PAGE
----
Section 33(a) (33 U.S.C. 933(a)) of the Longshore Act provides that an injured worker may proceed in tort against a third party (not his employer) if he believes that the third party may be liable to him for damages for negligently causing his work related injury.
Section 33(f) gives the employer the right to offset the net recovery by the employee in the third party lawsuit against the employer’s compensation liability.
Section 33(g) protects the employer’s offset interests. The injured worker must either, (1) obtain the prior written approval of a settlement from both the employer and the insurance carrier if the settlement is for an amount less than the employer’s compensation liability, or (2) give written notice to the employer of any settlement or judgment in the third party lawsuit in the injured workers’ favor regardless of the amount of the recovery.
NOTE: The section 33(g)(2) notice requirement is an affirmative duty that the claimant must satisfy. The section 33(g)(2) requirement is not met if the employer learns about the settlement or judgment some other way.
NOTE: It may appear to someone taking a close look at section 33(g)(2) and the U.S. Department of Labor’s implementing regulations at 20 C.F.R. 702.281 that the regulations require more from the claimant than does the statute. For example, the regulations attach a notice obligation on the part of the claimant not only in the event of a settlement or judgment, but also upon initiation or dismissal of third party proceedings. If this confuses you then you are responding appropriately. The good news is that since the regulations provide no penalty for the claimant’s failure to give notice of initiation or dismissal of third party proceedings we really only have to be concerned with the notice requirement as set out in the statute in section 33(g)(2).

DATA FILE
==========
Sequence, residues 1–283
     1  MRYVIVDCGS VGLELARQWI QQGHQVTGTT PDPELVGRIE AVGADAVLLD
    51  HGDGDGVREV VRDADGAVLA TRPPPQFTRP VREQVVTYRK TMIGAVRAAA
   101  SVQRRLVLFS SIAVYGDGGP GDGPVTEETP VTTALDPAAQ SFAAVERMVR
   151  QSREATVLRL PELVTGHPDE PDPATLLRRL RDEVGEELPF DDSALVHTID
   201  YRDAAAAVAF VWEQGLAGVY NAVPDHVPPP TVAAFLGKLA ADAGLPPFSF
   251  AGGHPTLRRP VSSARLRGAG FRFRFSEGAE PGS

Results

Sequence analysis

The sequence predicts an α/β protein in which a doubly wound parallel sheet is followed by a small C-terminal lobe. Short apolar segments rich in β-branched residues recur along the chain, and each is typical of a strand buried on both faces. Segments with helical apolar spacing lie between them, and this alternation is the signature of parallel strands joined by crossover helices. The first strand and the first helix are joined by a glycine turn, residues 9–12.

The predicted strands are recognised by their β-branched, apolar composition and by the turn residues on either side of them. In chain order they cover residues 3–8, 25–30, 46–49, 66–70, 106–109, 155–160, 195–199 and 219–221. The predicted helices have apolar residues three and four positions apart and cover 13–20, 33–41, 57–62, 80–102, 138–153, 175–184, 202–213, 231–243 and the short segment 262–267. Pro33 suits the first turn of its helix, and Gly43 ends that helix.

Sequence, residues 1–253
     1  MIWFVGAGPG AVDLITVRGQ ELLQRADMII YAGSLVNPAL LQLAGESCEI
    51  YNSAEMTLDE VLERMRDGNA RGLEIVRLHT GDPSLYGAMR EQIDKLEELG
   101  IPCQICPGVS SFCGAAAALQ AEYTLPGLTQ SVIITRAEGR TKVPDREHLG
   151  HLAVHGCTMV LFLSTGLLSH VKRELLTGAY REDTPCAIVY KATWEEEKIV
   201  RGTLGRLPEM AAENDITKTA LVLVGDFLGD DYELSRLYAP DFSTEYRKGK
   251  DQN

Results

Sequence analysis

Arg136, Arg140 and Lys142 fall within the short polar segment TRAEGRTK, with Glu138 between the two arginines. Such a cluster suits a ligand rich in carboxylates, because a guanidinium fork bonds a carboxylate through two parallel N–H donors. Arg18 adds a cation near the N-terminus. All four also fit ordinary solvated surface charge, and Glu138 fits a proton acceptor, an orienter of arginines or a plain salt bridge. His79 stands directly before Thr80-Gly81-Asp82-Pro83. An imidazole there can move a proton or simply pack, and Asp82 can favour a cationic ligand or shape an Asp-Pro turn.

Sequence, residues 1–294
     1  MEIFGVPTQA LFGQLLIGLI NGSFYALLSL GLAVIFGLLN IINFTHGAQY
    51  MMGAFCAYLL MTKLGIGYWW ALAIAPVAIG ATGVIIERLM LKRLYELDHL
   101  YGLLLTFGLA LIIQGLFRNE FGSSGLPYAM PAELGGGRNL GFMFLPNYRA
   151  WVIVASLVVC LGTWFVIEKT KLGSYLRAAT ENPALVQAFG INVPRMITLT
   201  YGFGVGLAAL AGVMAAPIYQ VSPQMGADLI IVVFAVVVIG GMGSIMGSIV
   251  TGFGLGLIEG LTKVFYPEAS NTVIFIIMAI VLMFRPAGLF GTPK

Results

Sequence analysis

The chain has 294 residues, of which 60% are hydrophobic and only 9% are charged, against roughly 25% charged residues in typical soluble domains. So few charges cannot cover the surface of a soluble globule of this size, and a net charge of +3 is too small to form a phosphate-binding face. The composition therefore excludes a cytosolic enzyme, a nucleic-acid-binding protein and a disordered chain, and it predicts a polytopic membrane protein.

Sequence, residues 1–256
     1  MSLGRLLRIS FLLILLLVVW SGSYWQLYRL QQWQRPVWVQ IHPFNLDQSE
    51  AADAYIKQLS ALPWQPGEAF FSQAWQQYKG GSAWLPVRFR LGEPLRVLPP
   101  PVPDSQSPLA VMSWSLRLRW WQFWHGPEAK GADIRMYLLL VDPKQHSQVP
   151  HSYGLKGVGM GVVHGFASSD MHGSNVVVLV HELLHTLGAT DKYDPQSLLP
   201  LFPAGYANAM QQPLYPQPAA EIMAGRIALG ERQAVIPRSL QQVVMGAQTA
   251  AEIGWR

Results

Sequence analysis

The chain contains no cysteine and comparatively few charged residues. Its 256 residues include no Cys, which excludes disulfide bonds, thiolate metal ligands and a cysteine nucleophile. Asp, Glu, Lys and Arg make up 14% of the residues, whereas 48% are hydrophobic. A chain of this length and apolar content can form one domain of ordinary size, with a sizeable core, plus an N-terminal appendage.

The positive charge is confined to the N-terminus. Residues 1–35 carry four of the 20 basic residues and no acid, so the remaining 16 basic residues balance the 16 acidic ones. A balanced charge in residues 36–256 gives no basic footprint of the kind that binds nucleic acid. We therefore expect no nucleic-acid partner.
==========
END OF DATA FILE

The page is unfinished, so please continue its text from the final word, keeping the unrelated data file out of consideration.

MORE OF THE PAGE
If the injured worker fails to meet the requirements of section 33(g)(1) or 33(g)(2) then his entitlement to indemnity and medical benefits under the Longshore Act is terminated.
There is an important question that the language of the statute does not answer.
Do you use the gross amount of a third party settlement or the net amount to determine if the injured worker has met his prior written approval obligation under section 33(g)(1)? There can be a big difference in the amounts when you consider the amounts of attorney’s fees and expenses that combine with the “net” amount to become the “gross” amount..
Section 33(g) does not specify “net” or “gross”.
Note: the offset provision in section 33(f) does specify that the “net” amount of the third party settlement is used to determine the amount of the employer’s credit or lien. But what about section 33(g)(1)?
NOTE: medical benefits are not included in the comparison between the amount of compensation entitlement and the amount of the 3d party settlement or judgment.
A recent case from the U.S. Department of Labor’s Benefits Review Board explains the current interpretation of section 33(g)(1).
In this case the injured worker settled a third party lawsuit for the gross amount of $650,000 without his employer/carrier’s written authorization. The net amount of the settlement to the injured worker was $375,000. The proposed valuation of the injured worker’s lifetime compensation entitlement was estimated at $524,960, less than the gross amount of the settlement but more than the net amount. The employer/carrier had been aware of the lawsuit and the negotiations but did not give written approval of the settlement as required.